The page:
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Inside Politics

Former Texas Gov. Ann Richards, 73, dies

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(CNN) -- Former Texas Gov. Ann Richards, whose brassy, tough-talking persona and trademark white hair cut an indelible profile in Democratic politics, died Wednesday evening at her home in Austin, surrounded by her family, her spokesman, Bill Maddox said.

She was 73.

Richards, who served as governor of the Lone Star State from 1991 to 1995, announced in March that she was being treated for esophageal cancer. Maddox said Richards had shielded many family members and friends from the extent of her illness.

"It was a shock to a lot of us," he said.

Cecile Richards, the former governor's daughter, announced her death in a note sent to friends at 7:50 p.m. (8:50 p.m. ET), Maddox said.

The quick-witted Richards burst onto the national scene with rhetorical guns blazing at the 1988 Democratic National Convention in Atlanta, where, in a keynote address, she famously described the syntax-challenged Republican presidential nominee, George H.W. Bush, this way:

"Poor George. He can't help it. He was born with a silver foot in his mouth."

At the time, Richards was Texas state treasurer; two years later, she would be elected governor, only the second woman ever to hold that post.

But Texas was trending Republican and, in 1994, despite her personal popularity, she was defeated for re-election by Bush's son, and future president, George W. Bush. She never ran for office again and spent the next years working as a consultant and commentator and serving on corporate boards. (Watch how Richards took the national stage -- 4:04)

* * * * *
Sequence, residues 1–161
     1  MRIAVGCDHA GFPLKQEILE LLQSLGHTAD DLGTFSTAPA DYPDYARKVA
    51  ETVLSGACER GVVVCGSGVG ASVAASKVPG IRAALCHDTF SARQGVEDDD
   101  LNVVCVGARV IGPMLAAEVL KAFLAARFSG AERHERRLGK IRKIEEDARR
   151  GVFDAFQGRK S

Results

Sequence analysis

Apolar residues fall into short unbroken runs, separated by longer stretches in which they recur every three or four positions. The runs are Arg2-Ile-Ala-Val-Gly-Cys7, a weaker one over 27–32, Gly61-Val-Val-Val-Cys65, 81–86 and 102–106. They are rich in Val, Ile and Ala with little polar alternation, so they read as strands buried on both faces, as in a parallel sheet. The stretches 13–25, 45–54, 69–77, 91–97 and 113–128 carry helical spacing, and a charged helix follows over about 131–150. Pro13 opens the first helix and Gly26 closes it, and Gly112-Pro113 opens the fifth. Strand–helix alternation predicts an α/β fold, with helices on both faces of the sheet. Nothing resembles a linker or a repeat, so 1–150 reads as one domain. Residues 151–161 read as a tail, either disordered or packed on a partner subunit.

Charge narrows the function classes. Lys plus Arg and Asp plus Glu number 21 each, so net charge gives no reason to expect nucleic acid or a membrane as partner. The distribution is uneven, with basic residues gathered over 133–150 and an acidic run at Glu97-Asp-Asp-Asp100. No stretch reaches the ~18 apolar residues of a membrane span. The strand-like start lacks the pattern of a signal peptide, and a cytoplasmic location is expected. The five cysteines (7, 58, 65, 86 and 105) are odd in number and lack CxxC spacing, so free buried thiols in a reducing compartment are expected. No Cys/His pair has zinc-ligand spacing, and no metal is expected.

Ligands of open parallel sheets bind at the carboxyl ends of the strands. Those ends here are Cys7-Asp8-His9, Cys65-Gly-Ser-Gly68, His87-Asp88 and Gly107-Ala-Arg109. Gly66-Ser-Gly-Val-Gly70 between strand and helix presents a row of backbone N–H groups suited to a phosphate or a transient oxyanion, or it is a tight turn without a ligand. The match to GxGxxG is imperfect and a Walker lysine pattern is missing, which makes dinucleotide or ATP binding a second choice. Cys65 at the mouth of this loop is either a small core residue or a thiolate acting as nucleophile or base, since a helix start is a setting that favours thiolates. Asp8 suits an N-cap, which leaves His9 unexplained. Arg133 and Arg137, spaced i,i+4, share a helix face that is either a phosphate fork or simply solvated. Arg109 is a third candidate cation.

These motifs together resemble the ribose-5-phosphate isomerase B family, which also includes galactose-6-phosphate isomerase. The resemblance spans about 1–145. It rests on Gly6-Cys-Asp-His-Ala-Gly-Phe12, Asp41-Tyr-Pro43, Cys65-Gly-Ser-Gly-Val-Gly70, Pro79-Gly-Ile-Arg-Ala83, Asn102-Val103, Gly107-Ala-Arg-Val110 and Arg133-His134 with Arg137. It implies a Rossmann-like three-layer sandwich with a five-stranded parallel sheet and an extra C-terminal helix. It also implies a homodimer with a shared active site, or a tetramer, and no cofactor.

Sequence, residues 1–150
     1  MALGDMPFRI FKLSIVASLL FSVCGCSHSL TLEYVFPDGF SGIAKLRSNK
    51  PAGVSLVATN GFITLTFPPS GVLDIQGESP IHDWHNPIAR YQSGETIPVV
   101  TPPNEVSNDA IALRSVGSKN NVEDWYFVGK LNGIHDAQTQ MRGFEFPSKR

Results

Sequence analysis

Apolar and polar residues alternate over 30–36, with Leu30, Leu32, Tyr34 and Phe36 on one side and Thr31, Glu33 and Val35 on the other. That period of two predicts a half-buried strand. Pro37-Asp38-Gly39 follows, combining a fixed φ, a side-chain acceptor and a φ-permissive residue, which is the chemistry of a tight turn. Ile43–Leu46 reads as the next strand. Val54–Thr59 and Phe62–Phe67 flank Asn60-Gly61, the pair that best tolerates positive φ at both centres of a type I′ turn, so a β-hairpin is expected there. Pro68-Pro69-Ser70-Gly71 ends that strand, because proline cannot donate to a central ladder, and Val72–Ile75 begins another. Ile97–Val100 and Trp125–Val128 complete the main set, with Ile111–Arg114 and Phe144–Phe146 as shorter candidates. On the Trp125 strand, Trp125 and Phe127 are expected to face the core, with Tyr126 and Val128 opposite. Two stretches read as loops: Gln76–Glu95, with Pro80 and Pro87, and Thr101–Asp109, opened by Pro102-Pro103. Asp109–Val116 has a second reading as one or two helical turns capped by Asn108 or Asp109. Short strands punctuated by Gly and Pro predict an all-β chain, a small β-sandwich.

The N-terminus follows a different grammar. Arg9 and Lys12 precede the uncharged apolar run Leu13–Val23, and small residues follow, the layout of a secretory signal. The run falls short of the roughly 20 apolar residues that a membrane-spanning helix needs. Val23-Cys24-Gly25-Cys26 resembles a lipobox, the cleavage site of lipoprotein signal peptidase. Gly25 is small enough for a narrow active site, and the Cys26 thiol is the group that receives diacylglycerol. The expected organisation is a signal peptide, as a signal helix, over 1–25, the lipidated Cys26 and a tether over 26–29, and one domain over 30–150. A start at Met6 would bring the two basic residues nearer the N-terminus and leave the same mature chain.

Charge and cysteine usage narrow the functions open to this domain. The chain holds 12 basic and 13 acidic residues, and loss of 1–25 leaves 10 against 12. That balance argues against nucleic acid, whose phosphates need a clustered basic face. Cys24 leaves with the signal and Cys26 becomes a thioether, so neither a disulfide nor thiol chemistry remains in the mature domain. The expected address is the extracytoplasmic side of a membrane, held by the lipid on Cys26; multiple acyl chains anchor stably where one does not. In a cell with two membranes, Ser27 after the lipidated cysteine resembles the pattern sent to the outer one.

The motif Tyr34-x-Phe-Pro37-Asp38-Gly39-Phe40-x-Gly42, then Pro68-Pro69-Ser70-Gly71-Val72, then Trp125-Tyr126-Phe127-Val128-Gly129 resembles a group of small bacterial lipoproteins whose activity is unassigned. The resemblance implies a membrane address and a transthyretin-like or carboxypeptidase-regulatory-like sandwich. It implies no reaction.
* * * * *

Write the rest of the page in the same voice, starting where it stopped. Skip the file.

Though Richards had long been active in Democratic politics, she didn't launch her own political career until she was in her 40s, after marrying and having four children. Her first stop was a seat on the Travis County Commission in Austin, which she won in 1976.

However, years of hard drinking had taken a toll on her marriage, which ended in divorce. In 1980, she quit drinking, but she never shied away from talking about her problems with alcohol.

"I had such high expectations of myself. I was going to be the best mother, the best housewife, the best entertainer, the best nurse, you know -- what it was, I was going to be the best. And I could never live up to my expectations," she said.

Her persona was always unconventional. When she was nearly 60, a grandmother and governor of Texas, Richards took to riding a Harley-Davidson motorcycle because, she said, "I thought I needed to do something kind of jazzy."

Another line she often quoted summed up her view of the aspirations of women in politics: "Ginger Rogers did everything that Fred Astaire did. She just did it backwards and in high heels."

CNN's Ed Lavandera contributed to this report.

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